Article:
Watermelon sparklers and a shout out to fake summer.

 

watermelon juice

Since real summer starts tomorrow, let me just give a quick shout out to this  fake summer we’ve been having in Oregon. I’m still a little confused by what month it actually is, and why there has been this golden sphere hanging in the sky over the past few weeks producing 80-degree, but I will take it! We’ve had a few “typical” June-ish days this month and on one of them my mom was like “OH MY GOD IT FEELS LIKE WINTER!!!!” I stopped and said “no, actually, it feels like June.” Maybe just because the last few springs have felt a little extra long, or because as Oregonians we really are not used to any sort of consistent sunshine until after July…but either way, I’m not complaining! My tomato plants are happy, I have something resembling a tan, and I have been pretty much eating my body weight in watermelon. Tonight’s pre-dinner consisted of me leaning over the kitchen sink as I took a huge bite of melon and slurped the juice to keep it from running down my face and arms. It was pretty glorious. Thank you fake summer… you are kind of ok.

Back in October when I was researching which juicer I should buy, I was focused mainly on leafy greens. I had visions of juicing kale and spinach, and chard, and beets, and pretty much everything earthy (which I did.) but it wasn’t until a few weeks ago that I started to think about the summer juicing potential. Really, I wasn’t being narrow minded when I purchased my juicer, more ,I was living in the moment and trying to embrace the whole seasonal eating thing. =) (at least that is what I’m telling myself.) So last week when it finally dawned on me that watermelon + juicer= happiness and summer bliss, I was pretty stoked. And really, why had I not thought of it before? I know one of the dangers with at home juicing is sugar… you juice all the sugary fruits in all the land and then chug them, (because they are delicious) So I do appreciate that fruit juice should be consumed in moderation… but just stop for a minute and think about all the cocktail potential.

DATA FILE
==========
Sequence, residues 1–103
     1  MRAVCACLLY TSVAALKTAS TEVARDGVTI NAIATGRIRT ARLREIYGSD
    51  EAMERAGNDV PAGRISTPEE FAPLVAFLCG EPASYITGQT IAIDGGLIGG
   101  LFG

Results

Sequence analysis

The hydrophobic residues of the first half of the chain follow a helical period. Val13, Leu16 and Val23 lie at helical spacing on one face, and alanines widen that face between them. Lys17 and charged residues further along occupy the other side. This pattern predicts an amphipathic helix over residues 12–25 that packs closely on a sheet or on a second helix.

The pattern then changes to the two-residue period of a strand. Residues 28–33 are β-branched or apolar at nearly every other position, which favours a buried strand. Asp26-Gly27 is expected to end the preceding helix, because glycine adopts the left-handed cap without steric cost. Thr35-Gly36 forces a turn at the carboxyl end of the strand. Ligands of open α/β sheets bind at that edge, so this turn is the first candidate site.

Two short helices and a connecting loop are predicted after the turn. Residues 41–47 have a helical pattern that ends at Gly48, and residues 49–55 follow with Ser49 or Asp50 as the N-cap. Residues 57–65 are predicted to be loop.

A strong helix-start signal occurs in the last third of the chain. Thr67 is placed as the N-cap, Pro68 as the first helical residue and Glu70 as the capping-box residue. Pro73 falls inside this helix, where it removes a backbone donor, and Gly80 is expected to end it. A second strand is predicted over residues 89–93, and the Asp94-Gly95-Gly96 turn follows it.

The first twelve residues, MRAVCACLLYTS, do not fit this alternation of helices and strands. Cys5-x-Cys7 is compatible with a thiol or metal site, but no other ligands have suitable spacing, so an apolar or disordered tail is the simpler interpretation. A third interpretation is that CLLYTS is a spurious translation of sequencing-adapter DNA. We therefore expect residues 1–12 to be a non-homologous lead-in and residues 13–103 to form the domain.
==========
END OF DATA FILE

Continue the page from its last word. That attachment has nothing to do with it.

Even if cocktails aren’t your thing, Agua Fresca has already established itself as a seasonal staple on my back patio. Sort of….  Upon looking up Agua Fresca recipes I’ve found essentially ALL of them include super sweet fruits, sugar, and water… This is where I’m going to rant about sugar a little bit.  No, I’m not one of those crazy no sugar in anything ever, people. In fact, I had a raspberry brownie for lunch today, I put sugar in my coffee every morning, and I think that there is a time and a place for sugar (like gumdrops, hello.) That being said, just about every time I try to bake something sweet I have to run to the store, because for some reason I never seem to have sugar in my pantry… I just don’t use it that often (Sugar scrub, mojitos, lemon curd… these are the only thing that I make on a semi-regular basis that actually require sugar.)  I do try to read labels and make a conscious effort to try and cut back on sugar in processed foods… it just seems unnecessary a lot of the time, but I try not to get all nutty about it…BUT it absolutely boggles my mind as to why you need to add additional sugar to a refreshing summer fruit drink! When was the last time you sprinkled sugar over a slice of watermelon? The answer is never. (salt on the other hand… is there anything better at a picnic than I giant wedge of watermelon lightly sprinkled with Jacobsen Sea Salt? No, there isn’t. Seriously, try it with the pinot blanc salt… game changer!)  Don’t even get me started with honeydew melon… I mean for reals… you add sugar to that? It makes my teeth hurt just thinking about it.